3 von 6

1. August 2019

Future mobility – 3 von 6 Insights

Future mobility


Anyone who commutes in London would be forgiven for thinking this is mere fantasy. But change is underway and, with the help of innovative technology and forward thinking government policy, we could see significant progress on achieving these goals.

An efficient transport system is vital for our economy and to maintain our way of life. Rising congestion makes our current modes of transport unsustainable. Congestion on UK roads last year is estimated to have cost the economy a whopping £8bn.

In March 2019, the government's Office for Science published a report on the Future of Mobility – Urban Strategy, outlining the government's vision of the future and a range of approaches to regulatory reform. The report identifies a number of key principles which form the basis of government policy, which include:

  • the use of new mobility technology to reduce emissions and ease congestion
  • an open market place to encourage innovation through competition
  • the operation of new mobility services as part of an integrated transportation system, including public transport
  • the desirability of active forms of transport for urban journeys
  • the need for new mobility services to be safe and secure
  • the need for transportation data to be shared to improve customer choice.

It is worth looking at these principles in context of today's transportation solutions and those earmarked as a priority for development.


As with most major cities around the world, London and other UK towns have seen a number of app enabled ride-hailing providers enter the market. While there remains some uncertainty as to the legal status of some aspects of their businesses (such as the employment status of drivers – see our article for more), these services have become a major component of our urban transport network and help to reduce car ownership.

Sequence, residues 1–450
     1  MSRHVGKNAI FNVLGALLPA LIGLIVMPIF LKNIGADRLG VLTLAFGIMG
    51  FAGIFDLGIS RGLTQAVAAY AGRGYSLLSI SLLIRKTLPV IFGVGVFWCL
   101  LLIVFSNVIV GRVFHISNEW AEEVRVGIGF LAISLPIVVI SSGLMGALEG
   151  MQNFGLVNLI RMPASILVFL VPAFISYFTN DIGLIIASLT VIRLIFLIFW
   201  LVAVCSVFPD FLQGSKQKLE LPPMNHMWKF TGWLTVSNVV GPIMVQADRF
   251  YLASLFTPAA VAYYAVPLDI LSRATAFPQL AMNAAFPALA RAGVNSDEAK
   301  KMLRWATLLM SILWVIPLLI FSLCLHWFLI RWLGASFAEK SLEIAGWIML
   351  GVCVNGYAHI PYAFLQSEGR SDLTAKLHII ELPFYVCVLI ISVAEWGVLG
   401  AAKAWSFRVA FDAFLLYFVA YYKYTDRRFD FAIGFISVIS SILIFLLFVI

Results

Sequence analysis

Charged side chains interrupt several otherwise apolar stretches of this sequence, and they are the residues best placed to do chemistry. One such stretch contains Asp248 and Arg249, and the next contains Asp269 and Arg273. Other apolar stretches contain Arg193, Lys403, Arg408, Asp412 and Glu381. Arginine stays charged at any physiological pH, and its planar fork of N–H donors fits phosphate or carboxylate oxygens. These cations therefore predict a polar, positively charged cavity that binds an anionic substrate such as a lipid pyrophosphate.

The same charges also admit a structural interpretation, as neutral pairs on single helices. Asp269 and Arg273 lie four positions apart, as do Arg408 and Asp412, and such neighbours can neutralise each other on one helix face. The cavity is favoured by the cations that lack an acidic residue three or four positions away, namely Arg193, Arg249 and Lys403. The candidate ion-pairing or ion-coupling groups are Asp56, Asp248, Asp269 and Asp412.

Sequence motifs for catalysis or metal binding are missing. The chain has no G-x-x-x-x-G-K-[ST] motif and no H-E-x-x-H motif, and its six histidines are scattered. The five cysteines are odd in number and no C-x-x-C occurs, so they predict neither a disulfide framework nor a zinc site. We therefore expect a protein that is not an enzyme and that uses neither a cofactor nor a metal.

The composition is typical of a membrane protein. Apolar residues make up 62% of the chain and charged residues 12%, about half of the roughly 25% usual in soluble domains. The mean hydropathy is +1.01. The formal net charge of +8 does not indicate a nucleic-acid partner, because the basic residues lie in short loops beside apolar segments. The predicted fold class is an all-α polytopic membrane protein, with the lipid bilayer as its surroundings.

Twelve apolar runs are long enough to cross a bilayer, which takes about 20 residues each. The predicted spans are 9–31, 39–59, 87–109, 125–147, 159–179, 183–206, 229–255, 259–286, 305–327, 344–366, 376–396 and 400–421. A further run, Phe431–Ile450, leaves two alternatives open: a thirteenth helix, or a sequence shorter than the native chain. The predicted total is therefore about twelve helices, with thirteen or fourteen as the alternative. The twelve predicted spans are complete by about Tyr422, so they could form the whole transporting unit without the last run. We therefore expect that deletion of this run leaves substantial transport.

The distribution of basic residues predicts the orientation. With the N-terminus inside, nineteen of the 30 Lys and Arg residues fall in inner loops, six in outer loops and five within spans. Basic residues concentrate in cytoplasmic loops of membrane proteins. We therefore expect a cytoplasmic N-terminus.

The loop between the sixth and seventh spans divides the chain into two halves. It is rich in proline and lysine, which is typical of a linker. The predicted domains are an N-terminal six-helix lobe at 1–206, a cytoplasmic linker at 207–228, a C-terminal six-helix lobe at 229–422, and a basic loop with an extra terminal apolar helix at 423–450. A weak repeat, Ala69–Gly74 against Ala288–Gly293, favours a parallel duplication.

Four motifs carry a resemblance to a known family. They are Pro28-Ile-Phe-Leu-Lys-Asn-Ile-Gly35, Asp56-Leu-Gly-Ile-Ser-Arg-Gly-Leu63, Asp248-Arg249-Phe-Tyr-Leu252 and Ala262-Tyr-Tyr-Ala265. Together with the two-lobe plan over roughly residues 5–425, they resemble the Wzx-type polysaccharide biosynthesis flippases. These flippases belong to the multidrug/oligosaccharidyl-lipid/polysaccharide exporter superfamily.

As well as providing an affordable alternative to public transport, providers are increasingly differentiating themselves with value add aspects to their technology, such as enhanced passenger safety features available through the app. We are also beginning to some providers integrate their apps with public transport options, enabling users to book a journey using a bus and a taxi in a step towards the government's vision of a Mobility-as-a-Service solution.

Of course, ride-hailing providers have not been popular with traditional taxi operators and it's fair to say there have been teething problems for some providers in understanding their regulatory obligations (see our article).

The legislation in this area is outdated and a Law Commission report in 2014 recommended a package of reforms, including the harmonisation of quality and safety standards for all taxis across the country. As well as benefiting consumers, a clear national standard would greatly assist transportation providers in configuring their technology and processes to meet the regulatory requirements for a national launch. Providers will no doubt welcome the government's commitment to reform in this area.

Shared mobility

A number of models for shared access to transport assets are emerging in the UK, from ride sharing through to shared access of bikes and cars. As with all disruptive models, the economic business case for some sharing schemes is still evolving. Where schemes require access to street facilities, such as car-pooling schemes, there is a case for greater co-ordination among local authorities.

Currently, if a provider wants to offer users a London-wide solution (ie the ability to take a car to any London destination), local parking restrictions mean that it would involve approvals from 33 different boroughs.